“An attempt to break the logjam last year, with a compromise pairing a long-term fix for the dreamers with funding for border security, including President Trump’s wall, fizzled in the Senate when he threatened a veto. Now that the president is building portions of the wall anyway, by diverting funds appropriated by Congress for the military, what possible justification can lawmakers find to avoid doing the moral and humane thing by guaranteeing a normal life for dreamers?”
Editorial Board, Washington Post

From the Right

The right believes the administration should win on the legal merits, and calls for a legislative solution.

“In September 2017 Mr. Trump ordered the program wound down and gave Congress six months to protect [DACA] recipients with an option to renew work permits for two years. The goal was to use the time to negotiate a political compromise, but Democrats walked away after lower courts enjoined the rescission and removed an impetus for compromise… Remarkably, the Ninth Circuit Court of Appeals held that the Administration could end [DACA] for valid policy reasons, but that the justification it gave was arbitrary and capricious…

“This is a case of judges deciding when a President can enforce laws or reverse actions by a previous executive. Will a Democratic President next have to go through notice and comment to alter Mr. Trump’s border enforcement or rescind his ‘national emergency’ at the border? Congress would likely have come to a sensible compromise to protect the young immigrants if judges had not short-circuited the legislative process. [DACA] recipients who in good faith identified themselves to the government should be protected, but this is for Congress and the President to negotiate—not for unelected judges to pre-empt.”
Editorial Board, Wall Street Journal

“A similar program — ‘DAPA,’ for the illegal-immigrant parents of citizen and permanent-resident kids — was actually struck down in a lower court as illegal. (In 2016, the Supreme Court deadlocked 4–4 on the question of DAPA’s legality, making the lower court’s ruling the final say.) But this case isn’t even a direct challenge to the legality of DACA. The Court is being asked to refuse to let the Trump administration end the illegal program voluntarily, on the grounds that the administration didn’t adequately explain its decision to do so…

“The administration’s initial explanation may have been terse, but how much more of a reason does one need than that the program is flagrantly illegal and runs an obvious risk of being struck down in court?”
Robert Verbruggen, National Review

“Even if you think the Deferred Action for Childhood Arrivals program was legal… it was not enacted through the notice-and-comment process mandated by the Administrative Procedure Act for issuing regulations — it was just a memo from then-DHS secretary Janet Napolitano ostensibly outlining prosecutorial-discretion guidelines to her three subordinates who handled immigration matters. The idea that a subsequent administration can’t issue a superseding memo without going through notice-and-comment is ludicrous…

Assuming the Court rules in favor of the administration in, say, June 2020 — what then?…

“One possibility might be to stop issuing renewals immediately but let existing work permits continue until they expire, at an average rate of about 1,000 a day. Then call on Congress to finally pass a targeted package that gives DACAs green cards in exchange for, say, mandatory E-Verify (to make it less likely we’ll have DACA situations in the future) and ending the visa lottery (to partly offset the extra legal immigration represented by the amnesty). Alternatively, the White House could punt until after the election: announce that renewals will continue to be processed, but only through the end of 2020, after which work permits will begin expiring, leaving it to the new Congress and the new (or incumbent) president to work out a deal.”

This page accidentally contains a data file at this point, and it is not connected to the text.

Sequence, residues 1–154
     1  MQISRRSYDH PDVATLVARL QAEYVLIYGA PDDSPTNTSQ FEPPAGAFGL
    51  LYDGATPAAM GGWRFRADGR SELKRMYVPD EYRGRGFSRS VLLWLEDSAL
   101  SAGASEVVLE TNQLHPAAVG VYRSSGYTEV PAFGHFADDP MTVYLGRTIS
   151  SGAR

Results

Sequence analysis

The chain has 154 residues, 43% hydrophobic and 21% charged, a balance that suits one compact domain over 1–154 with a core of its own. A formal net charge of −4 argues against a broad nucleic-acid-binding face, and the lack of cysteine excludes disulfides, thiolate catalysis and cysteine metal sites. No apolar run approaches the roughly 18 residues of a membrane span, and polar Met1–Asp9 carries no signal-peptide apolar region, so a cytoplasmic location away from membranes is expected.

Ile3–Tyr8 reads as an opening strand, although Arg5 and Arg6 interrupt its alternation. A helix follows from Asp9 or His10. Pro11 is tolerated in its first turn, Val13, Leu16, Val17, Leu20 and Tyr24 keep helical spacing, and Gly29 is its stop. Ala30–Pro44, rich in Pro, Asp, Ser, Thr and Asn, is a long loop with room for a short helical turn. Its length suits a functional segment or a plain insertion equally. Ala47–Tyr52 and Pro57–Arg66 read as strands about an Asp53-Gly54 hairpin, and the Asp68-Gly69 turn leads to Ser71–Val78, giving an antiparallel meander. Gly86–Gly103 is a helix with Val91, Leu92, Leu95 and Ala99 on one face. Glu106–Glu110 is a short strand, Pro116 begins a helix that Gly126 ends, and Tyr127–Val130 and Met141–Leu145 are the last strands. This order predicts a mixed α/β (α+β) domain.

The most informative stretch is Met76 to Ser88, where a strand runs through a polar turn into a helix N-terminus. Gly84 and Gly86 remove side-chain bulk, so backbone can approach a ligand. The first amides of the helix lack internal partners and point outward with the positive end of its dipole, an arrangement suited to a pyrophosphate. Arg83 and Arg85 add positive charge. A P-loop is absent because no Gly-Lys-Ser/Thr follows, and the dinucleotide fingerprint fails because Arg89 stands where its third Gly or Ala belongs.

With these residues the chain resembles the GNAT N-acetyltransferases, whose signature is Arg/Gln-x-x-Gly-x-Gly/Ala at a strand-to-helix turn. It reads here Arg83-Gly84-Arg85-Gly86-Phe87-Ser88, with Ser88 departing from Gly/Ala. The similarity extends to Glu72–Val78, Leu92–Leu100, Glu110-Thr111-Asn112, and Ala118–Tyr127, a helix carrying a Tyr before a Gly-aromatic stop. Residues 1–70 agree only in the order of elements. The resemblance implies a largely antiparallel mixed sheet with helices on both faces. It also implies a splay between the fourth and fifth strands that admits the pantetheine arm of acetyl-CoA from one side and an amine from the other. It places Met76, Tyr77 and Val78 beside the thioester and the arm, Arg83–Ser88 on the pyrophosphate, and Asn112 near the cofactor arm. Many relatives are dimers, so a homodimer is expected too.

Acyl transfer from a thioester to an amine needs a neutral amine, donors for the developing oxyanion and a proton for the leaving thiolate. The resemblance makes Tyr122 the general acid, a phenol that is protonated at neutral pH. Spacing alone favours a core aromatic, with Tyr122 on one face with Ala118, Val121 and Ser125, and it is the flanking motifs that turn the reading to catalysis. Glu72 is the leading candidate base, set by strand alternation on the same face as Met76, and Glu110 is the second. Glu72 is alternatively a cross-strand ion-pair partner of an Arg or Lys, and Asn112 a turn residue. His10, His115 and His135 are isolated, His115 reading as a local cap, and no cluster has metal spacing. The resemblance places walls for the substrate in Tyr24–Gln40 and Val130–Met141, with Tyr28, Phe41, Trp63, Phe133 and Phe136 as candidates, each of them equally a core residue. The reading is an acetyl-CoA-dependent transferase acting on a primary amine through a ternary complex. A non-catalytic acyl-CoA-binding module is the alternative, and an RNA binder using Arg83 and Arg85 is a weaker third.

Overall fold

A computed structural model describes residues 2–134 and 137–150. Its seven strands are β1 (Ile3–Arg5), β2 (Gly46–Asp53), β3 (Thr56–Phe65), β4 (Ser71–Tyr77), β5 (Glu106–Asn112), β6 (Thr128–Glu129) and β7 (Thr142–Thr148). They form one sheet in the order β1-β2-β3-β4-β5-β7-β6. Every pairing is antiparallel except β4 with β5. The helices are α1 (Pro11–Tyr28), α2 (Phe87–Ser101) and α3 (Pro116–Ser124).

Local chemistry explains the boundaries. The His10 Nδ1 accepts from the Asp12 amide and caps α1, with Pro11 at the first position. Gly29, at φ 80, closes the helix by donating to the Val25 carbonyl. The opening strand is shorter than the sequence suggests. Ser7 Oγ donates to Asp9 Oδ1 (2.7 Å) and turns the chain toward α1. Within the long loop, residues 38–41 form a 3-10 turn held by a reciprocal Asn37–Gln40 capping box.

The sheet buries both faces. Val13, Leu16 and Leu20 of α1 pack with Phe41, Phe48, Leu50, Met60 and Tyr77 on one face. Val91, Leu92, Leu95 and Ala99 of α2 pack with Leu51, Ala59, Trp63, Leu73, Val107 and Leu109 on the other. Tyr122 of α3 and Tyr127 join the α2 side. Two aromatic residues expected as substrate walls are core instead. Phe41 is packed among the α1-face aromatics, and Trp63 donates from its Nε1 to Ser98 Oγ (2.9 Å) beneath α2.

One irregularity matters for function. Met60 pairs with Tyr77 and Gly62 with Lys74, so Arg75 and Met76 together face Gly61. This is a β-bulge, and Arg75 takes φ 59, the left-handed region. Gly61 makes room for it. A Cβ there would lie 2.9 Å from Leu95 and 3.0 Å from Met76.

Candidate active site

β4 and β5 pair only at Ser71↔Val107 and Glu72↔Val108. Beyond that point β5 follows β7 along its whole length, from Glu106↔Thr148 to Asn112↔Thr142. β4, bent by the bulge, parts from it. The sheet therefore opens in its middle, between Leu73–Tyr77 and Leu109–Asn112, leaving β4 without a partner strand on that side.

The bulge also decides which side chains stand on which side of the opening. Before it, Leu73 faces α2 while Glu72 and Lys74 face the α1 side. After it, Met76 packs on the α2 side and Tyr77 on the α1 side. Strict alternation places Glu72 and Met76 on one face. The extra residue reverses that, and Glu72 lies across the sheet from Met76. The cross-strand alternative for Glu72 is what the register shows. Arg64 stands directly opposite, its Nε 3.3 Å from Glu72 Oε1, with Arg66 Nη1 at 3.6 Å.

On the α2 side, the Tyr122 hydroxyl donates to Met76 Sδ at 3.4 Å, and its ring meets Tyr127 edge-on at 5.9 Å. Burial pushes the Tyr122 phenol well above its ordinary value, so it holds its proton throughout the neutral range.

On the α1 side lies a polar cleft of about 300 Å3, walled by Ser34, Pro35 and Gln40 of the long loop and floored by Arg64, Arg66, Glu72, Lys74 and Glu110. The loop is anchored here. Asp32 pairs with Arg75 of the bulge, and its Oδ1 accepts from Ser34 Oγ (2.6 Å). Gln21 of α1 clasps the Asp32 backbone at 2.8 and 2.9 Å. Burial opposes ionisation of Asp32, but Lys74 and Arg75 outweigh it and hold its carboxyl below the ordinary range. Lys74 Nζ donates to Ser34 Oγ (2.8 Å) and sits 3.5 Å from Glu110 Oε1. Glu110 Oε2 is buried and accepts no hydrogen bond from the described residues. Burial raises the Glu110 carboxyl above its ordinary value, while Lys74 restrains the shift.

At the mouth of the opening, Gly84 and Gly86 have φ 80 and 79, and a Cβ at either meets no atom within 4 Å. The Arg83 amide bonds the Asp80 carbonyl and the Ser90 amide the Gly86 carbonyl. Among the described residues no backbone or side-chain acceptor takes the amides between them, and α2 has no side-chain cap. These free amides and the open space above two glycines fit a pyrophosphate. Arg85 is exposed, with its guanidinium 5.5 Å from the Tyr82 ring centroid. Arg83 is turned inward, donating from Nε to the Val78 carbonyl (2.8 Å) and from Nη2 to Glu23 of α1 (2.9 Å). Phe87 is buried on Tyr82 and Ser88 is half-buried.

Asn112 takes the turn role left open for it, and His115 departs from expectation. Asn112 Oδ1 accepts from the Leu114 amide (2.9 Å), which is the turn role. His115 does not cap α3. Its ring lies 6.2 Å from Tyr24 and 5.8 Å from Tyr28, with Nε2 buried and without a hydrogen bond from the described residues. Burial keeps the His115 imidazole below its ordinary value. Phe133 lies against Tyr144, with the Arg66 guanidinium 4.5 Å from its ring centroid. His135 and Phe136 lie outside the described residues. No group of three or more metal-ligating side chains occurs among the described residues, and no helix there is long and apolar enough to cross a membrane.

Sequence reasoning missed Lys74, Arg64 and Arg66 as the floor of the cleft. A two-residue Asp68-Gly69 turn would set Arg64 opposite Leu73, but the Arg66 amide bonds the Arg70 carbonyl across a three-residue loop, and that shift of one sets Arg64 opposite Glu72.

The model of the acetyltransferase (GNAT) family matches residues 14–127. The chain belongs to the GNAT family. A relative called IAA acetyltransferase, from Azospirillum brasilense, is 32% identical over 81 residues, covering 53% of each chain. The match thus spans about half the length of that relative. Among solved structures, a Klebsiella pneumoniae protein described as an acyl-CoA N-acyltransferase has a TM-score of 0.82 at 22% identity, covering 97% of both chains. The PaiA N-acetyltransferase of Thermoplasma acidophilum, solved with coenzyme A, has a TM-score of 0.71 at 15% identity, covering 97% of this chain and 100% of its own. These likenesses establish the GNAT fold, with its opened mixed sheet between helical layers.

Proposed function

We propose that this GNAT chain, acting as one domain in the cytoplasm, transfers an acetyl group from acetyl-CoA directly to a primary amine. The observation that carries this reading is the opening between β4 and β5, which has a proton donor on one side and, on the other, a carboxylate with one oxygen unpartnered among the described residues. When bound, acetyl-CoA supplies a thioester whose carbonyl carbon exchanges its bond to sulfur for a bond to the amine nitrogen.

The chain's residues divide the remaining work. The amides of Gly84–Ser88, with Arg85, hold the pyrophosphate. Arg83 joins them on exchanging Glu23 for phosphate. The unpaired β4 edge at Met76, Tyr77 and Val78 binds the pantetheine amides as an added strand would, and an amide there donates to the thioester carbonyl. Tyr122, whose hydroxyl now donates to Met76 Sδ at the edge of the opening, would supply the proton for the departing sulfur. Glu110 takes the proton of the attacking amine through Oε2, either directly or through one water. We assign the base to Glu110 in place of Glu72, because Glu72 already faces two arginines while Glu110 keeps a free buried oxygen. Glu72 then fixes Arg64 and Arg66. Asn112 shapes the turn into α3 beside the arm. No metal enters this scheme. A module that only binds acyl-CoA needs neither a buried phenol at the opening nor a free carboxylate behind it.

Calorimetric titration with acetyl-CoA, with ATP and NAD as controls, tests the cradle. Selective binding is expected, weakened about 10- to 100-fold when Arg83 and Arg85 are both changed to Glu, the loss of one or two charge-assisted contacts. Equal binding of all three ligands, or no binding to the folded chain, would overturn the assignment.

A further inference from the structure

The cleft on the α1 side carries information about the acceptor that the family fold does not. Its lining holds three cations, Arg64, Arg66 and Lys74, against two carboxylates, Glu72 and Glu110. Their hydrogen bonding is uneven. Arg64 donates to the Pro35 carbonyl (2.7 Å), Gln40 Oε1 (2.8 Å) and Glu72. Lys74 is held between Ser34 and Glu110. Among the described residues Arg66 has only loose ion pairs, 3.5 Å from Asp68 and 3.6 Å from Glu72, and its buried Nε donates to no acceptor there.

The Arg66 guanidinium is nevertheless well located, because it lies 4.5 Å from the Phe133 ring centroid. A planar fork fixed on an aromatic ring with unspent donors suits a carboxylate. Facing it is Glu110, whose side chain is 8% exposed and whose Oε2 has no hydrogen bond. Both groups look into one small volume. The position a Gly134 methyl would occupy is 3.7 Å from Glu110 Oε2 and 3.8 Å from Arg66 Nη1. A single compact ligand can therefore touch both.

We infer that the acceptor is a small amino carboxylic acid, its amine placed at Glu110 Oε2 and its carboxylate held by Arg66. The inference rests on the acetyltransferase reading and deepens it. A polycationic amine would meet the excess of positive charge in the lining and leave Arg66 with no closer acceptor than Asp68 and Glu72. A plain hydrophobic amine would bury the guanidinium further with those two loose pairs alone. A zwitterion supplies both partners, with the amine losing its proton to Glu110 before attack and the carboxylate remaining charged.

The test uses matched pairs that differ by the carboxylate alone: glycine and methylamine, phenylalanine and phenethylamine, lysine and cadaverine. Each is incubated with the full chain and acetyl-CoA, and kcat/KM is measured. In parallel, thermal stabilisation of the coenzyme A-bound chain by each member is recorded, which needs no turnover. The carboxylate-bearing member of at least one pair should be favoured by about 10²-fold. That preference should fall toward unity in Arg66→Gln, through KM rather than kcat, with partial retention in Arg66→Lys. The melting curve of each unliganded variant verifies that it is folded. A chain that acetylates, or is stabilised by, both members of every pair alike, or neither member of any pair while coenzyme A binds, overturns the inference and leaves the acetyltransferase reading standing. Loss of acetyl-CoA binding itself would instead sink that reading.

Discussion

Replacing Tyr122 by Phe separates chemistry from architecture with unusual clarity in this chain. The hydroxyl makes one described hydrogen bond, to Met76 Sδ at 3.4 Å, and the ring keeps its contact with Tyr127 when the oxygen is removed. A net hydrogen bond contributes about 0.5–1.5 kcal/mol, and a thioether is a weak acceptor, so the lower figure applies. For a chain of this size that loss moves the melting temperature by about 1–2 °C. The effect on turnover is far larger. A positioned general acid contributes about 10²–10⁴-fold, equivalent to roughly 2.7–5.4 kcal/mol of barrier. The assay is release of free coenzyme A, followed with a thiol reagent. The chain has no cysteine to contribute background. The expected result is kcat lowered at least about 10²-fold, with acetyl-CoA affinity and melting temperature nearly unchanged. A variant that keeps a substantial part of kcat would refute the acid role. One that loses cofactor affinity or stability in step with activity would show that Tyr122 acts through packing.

Mark Krikorian, National Review

Some argue that “it’s true that Mr. Trump campaigned in 2016 on ending DACA, but he also promised to ‘take care’ of the Dreamers. They deserve to be protected, not treated like suckers… The program now affects roughly 700,000 people, including close to 1,000 members of the military. They volunteered to come forward because the U.S. government promised them safe harbor. They were trying to do the right thing. To qualify, they paid a fee, revealed their home address, underwent a criminal-background check and were fingerprinted…

“These immigrants currently pay more than $3 billion in taxes every year, according to an analysis of census data by researchers at New American Economy, and are contributing to retirement programs like Social Security at a time when 77 million baby boomers are in the process of exiting the workforce.”
Jason L. Riley, Wall Street Journal

Nonetheless, the court should rule that “DACA is an unlawful delegation of, or usurpation of, legislative power. DACA is more than a mere expression of prosecutorial discretion. It is a full-fledged policy that gives recipients—some 800,000 so far—lawful status in the United States along with work authorization and access to various benefits such as health care and driver’s licenses. It deals with matters already covered by federal statutes, principally the Immigration and Nationality Act, that can be amended only by act of Congress. It was intended to replicate the essential features of DREAM Act legislation that Congress had considered but failed to approve…

“If federal law grants the president ‘broad discretion’ to make up his own rules for nearly 1 million Dreamers, then Congress has written itself out of immigration policy. Progressives should be equally concerned about the scope of this purported discretion. Under DACA’s conception of prosecutorial discretion, there is no principled reason why Trump cannot direct the EPA to stop enforcing environmental laws against certain classes of industry, or to order the IRS to stop collecting capital-gains tax.”
Adam Freedman, City Journal